A former Gurkha and his wife no longer need to sleep on a mattress after a housing association stepped in to help the couple get a new bed.
Gajurman Rai, 74, and his wife, Dhan Kumari, were found to be sleeping on a mattress on the bedroom floor of their rented home in Catterick Garrison.
After learning of the Rais’ situation, charity Community First Yorkshire got in touch with Yorkshire Housing’s Swale home improvement agency to see what help it could provide.
The agency works with local authorities and partner agencies to help older homeowners, disabled people, and those on low incomes by doing works on their homes.
Yorkshire Housing’s needs advice and support officer, Christine Potter, said that because neither Rai nor his wife could speak English, the organization had to speak for them.
A fellow former-Gurkha, Tej Gaha, who lives in the area provided translation for the Rais.
“Mr Rai needed a new bed and a rice cooker. This might not seem like a big deal to you or me but rice is a part of their culture and it was important to them,! Said Potter.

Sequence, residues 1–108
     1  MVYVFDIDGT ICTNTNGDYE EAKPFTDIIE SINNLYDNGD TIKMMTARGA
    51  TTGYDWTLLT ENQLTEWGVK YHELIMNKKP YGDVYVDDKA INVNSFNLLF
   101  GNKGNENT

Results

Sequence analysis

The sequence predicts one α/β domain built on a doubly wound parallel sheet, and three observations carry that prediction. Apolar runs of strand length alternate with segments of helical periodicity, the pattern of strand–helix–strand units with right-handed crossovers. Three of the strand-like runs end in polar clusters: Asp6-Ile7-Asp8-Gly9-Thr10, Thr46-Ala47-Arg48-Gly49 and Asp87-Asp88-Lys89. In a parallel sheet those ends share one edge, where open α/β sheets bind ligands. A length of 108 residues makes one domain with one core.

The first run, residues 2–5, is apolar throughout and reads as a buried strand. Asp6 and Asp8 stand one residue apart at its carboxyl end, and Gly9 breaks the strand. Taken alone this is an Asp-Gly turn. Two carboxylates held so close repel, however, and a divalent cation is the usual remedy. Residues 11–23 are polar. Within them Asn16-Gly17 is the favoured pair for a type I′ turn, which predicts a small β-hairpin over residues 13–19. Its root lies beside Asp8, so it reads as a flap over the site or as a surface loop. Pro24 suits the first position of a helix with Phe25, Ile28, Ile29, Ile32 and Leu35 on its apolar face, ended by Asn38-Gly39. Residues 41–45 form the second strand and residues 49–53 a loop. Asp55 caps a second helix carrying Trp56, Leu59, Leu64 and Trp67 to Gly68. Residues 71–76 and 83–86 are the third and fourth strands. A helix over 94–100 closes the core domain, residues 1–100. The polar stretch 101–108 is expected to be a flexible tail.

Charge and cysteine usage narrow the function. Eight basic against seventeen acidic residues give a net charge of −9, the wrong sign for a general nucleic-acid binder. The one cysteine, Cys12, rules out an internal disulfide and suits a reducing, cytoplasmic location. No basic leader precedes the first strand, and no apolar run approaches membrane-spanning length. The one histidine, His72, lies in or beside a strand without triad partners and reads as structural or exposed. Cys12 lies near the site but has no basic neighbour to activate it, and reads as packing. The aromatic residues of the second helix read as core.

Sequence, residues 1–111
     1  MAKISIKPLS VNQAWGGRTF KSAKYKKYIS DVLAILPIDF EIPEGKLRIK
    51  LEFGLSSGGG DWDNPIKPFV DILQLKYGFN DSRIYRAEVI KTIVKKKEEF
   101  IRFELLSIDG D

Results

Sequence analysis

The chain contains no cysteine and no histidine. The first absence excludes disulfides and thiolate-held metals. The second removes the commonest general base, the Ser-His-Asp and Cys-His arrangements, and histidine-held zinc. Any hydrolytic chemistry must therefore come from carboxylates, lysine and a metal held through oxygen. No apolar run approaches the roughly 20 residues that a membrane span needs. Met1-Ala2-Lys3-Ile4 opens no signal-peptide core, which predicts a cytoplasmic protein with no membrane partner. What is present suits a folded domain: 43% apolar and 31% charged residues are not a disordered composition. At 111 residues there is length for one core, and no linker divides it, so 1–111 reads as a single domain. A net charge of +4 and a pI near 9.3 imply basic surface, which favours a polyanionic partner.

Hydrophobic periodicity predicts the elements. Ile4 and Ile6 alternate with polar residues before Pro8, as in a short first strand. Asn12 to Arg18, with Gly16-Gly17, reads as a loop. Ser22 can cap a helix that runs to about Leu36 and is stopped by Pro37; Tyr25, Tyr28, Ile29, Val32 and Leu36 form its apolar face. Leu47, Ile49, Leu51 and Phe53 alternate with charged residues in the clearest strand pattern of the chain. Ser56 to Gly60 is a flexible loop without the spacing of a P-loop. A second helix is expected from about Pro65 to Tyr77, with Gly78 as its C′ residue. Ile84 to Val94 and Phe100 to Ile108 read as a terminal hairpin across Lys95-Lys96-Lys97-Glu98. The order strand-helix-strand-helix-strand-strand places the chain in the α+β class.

“The ex-forces support is managed through Community First Yorkshire, which aims to provide various items to help people in their day-to-day lives. In this case, that was a bed and a rice cooker. The Rais are very humble people who are on a low income and they can become quite isolated. To them this is significant. That is what these funds are meant to do – make a difference.”
Rai joined the British Army in 1961 and fought for the country for nine years through the 1960s, serving in Malaysia, Borneo and Hong Kong before he demobbed in 1969.
Thanks to the national campaign highlighting the plight of the Gurkhas, headed and supported by actor Joanna Lumley, Rai won the right to live in the UK, but he is not entitled to an Army pension.
Rai and his wife, Dhan Kumari, have lived in rented accommodation in Catterick Garrison since 1997.
The Gurkhas are Nepalese soldiers who are recruited annually into the British Army and have been for the last 200 years. Gurkhas are known to be fearless fighters in combat and carry with them the Kukri, a traditional curved blade that is said to have to taste blood each time it is drawn.